Testing performed on various manufacturers’ capacitors reveals that nearly all new capacitors seem to perform the same off the shelf. The capacitors in Figure 1 were tested right out of the box using a TPI 135 digital multimeter. All three readings fall within the 45μF ± 6 percent tolerance. A capacitor is considered passing if it has a microfarad reading between 42.3μF and 47.7μF. As shown in Figure 1, all of the capacitors meet the criteria. Unfortunately, capacitance, when new, does not provide an indication of long-term reliability, but the industry standard, EIA-456-A, can.
The Electronic Industries Alliance (EIA) issues quality standards for capacitors. EIA-456-A is the standard for metalized film dielectric capacitors intended for use with, among other things, ac motors. The test consists of subjecting a set of capacitors to 125 percent of their rated voltage and 10°C above their rated temperature for 2,000 hours. The EIA-456-A test simulates 60,000 hours of field life.
A capacitor’s estimated operational time per year is 5,000 hours; therefore a 60,000 hour capacitor could last approximately 12 years in the field. EIA standards require capacitors that meet EIA-456-A.
Figure 1 illustrates that all three capacitors tested perform the same based on initial readings, and that they yield a reading that is consistent with the rating that is stated on their labels. Based upon these initial readings, it would seem that all three units are good capacitors. However, it’s in the rigorous EIA-456-A testing that capacitor quality can be determined more definitively.
Quality Products and Warranty Costs
For purposes of modeling, the following example assumes that the warranty period of a manufacturer provides coverage for both parts and labor in the first year. After the first year, only the parts are covered and the labor is absorbed by the contractor. The three capacitors shown in Figure 1 were tested to the EIA-456-A standard. Listed below are the test results for each capacitor for one, five, and 10 years of simulated field reliability. As previously mentioned, a capacitor’s estimated operational time per year is 5,000 hours.
Figure 2 demonstrates that over time, the capacitor failure rate begins to increase depending on the manufacturer. After an estimated five years in the field, one manufacturer had zero failures, one had significant failures, and the third only had one failure. With only one failure, Figure 3 demonstrates the very real effects that a 10 percent failure rate has on a company’s bottom line.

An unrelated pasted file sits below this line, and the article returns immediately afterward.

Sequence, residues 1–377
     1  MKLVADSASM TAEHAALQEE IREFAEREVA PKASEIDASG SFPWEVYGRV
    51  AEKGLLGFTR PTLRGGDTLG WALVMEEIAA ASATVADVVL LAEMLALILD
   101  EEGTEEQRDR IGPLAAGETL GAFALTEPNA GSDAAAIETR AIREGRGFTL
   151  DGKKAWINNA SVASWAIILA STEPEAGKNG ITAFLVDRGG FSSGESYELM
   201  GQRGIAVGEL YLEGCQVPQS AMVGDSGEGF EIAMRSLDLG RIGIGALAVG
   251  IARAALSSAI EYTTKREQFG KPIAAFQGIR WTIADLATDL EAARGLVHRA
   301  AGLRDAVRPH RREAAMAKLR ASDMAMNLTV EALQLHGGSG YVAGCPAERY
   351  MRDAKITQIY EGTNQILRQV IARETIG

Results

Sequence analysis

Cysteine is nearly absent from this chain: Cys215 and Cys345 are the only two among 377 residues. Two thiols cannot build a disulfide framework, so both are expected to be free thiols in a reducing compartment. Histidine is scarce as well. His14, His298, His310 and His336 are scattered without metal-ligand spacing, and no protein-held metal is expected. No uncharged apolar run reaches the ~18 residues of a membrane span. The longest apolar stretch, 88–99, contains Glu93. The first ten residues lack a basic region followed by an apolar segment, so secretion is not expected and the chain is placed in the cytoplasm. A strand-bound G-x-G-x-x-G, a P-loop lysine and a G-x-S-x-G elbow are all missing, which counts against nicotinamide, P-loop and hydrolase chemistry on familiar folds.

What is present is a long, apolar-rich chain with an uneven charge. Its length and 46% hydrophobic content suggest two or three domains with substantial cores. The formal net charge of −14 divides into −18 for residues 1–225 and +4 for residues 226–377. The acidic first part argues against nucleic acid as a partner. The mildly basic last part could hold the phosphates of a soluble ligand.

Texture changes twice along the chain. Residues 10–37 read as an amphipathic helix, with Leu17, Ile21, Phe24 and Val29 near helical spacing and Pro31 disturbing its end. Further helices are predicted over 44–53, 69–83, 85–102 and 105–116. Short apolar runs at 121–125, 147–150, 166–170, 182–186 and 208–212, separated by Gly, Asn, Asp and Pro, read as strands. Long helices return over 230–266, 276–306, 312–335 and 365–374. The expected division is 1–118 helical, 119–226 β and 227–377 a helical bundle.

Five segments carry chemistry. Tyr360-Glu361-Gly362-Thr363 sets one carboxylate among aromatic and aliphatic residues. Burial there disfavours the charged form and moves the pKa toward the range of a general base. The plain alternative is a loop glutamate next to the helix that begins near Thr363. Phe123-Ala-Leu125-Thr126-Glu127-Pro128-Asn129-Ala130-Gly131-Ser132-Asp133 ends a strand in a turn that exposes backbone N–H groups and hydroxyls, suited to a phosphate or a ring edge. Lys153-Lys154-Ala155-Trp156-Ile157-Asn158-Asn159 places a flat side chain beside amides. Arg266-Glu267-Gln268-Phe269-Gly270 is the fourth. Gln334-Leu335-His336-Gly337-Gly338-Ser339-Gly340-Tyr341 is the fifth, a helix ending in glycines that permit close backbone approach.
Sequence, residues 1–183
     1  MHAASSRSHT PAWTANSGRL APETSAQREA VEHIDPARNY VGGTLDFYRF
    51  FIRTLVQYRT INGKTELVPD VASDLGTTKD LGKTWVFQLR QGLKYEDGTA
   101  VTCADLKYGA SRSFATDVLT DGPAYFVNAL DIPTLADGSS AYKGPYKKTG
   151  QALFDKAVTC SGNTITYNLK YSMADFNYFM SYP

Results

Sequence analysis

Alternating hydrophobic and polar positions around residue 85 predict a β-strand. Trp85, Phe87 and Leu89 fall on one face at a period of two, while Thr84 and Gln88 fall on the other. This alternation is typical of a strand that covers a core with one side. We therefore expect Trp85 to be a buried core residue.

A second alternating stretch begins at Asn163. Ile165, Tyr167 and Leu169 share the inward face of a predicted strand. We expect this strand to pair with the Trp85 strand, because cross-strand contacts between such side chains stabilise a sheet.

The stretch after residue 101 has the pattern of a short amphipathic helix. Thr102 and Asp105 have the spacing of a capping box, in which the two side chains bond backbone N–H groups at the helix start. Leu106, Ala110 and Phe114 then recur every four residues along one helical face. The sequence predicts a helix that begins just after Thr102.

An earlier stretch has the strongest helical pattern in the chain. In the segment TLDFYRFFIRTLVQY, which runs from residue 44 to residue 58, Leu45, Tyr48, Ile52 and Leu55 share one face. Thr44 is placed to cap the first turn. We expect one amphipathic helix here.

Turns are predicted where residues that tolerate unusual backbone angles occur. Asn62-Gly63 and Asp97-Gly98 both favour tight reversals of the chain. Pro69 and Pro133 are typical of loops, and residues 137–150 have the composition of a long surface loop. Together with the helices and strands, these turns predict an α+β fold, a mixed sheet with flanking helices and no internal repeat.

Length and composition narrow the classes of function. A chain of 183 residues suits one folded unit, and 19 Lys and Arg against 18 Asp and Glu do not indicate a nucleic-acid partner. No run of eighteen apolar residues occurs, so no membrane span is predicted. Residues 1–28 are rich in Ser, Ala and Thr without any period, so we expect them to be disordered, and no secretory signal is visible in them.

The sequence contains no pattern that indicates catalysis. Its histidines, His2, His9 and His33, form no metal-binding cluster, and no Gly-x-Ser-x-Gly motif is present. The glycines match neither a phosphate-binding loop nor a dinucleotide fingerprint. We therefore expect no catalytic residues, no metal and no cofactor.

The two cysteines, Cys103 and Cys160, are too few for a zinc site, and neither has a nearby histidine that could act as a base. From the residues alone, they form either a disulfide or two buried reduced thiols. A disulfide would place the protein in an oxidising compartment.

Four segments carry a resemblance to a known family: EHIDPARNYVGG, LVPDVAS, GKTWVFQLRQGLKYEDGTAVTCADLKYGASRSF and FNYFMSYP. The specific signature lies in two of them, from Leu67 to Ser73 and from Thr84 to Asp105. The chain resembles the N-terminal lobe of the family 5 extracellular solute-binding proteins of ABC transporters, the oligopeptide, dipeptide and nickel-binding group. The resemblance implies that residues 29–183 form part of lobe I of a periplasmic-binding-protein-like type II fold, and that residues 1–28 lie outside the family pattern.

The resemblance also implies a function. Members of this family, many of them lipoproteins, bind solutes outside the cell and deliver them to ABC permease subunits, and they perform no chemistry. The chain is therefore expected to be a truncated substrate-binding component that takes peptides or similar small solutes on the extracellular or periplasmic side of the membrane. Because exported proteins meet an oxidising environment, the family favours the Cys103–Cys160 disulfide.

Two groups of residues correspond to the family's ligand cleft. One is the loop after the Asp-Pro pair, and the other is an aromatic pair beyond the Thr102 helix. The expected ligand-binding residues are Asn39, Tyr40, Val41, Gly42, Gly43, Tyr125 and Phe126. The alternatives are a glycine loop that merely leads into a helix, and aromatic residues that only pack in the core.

Figure 3 provides detailed information that has been broken out into three sections: Initial purchase price of 500 capacitors, warranty claims/cost, and total cost of ownership. Based on the testing conducted, the data provides the long term/warranty results for each manufacturer and demonstrates the true total cost of ownership for a business.
Through the established results in Figure 3, even though Manufacturer C has a minimal 10 percent failure rate after five years in the field, it will cost a business roughly $3,500 in warranty costs. In addition to price and warranty cost, there is the tangible lost potential when technicians are spending time on repeating service calls.
As Figure 4 illustrates, higher priced capacitors will cost more upfront, but what is being purchased is quality and reliability. Many cheaper capacitors degrade quickly and can cost a business thousands of dollars in labor on warranty claims, not to mention the damage to your reputation.
Over the past five years, there is increasing feedback from contractors stating capacitors “are not the same as they were back in the day” or “they do not last as long as they used to.”
When capacitors do not meet the performance ratings specified on their labels, the entire system can be affected. A failed capacitor will cause the motor to run hotter, the bearings and insulation to wear out, and the noise level to increase. Those factors will eventually cause the motor or compressor to fail.
Total cost of ownership hinges on the quality of the product. You may be able to save $2 by purchasing a less expensive capacitor, but the warranty costs will eventually surpass the higher upfront cost due to poor reliability from inferior products. Even though the manufacturer will replace damaged parts under warranty, it is ultimately the consumer relationship that is being damaged each time you replace a faulty capacitor. Isn’t your reputation worth more than a $2 savings?
Publication date: 6/18/2012